Hatred is the Laziest Form of Cowardice


In 1983-4, I was an office manager at a gym in San Francisco.

“ShapeUp” was located at the corner of Noe and Market, just one block east of the intersection of Castro and Market and, thus, very near the heart of the Castro District.

The years of the mid- to late-80’s were those of the greatest losses to the gay community of San Francisco: our business’s membership roll diminished severely during that dark period. I was acutely aware of this because, while in that job, I maintained the membership database; then, for a few years thereafter, I did computer-support for the gym, and the loss of members was clearly evident, both in the decreasing membership numbers and in the members who would suddenly no longer return to the gym.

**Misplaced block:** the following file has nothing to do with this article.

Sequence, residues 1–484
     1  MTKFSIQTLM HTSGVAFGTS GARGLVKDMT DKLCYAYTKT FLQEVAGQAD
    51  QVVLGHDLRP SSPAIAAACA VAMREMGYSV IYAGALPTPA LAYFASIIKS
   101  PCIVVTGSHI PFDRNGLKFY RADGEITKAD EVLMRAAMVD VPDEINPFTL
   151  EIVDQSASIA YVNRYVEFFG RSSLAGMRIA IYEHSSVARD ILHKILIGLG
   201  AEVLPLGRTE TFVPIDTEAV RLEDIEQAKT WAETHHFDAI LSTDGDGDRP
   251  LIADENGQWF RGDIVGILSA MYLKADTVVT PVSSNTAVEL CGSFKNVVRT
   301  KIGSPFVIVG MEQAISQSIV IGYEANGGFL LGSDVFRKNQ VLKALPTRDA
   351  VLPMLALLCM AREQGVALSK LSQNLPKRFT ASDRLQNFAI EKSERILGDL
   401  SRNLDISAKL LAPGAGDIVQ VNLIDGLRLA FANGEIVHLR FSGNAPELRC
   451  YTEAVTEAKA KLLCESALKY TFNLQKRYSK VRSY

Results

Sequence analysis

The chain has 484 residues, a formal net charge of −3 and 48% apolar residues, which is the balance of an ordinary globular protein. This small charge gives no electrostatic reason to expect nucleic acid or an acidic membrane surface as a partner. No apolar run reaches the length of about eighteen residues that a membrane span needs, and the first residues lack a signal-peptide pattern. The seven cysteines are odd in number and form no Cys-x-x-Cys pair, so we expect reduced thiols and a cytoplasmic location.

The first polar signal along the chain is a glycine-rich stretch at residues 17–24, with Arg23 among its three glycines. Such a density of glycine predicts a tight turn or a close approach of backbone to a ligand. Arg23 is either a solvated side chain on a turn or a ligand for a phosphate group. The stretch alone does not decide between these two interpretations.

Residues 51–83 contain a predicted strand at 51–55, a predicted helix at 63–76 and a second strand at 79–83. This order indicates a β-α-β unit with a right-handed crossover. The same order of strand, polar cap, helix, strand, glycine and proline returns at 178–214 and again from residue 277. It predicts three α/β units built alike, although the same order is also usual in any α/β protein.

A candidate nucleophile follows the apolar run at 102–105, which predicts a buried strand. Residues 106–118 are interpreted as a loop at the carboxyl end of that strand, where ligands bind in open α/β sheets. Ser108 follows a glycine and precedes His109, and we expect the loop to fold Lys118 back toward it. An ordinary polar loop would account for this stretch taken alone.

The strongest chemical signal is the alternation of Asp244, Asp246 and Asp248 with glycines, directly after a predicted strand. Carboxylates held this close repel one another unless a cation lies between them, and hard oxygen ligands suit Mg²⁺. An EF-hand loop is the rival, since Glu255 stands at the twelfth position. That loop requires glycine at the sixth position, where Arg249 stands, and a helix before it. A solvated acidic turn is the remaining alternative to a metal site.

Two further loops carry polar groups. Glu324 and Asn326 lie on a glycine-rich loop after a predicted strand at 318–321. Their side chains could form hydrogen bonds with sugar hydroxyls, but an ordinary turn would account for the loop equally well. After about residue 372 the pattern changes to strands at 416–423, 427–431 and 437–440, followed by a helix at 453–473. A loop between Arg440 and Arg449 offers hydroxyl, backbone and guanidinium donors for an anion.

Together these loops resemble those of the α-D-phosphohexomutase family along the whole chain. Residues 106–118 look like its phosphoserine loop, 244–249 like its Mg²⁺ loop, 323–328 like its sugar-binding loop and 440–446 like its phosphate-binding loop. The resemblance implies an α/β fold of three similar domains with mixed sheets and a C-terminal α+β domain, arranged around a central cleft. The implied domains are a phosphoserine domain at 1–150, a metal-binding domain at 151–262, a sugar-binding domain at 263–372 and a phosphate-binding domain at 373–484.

The first of my friends that I lost to AIDS was Jewish; the second, Armenian. It was as if the 20th Century had walked up and punched me in the gut.

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This experience made the loss of so many people in those earlier European holocausts supremely personal. I promised myself then that I would try to do something to convey that sense of personal loss to others.

This promise is fulfilled in David, My David.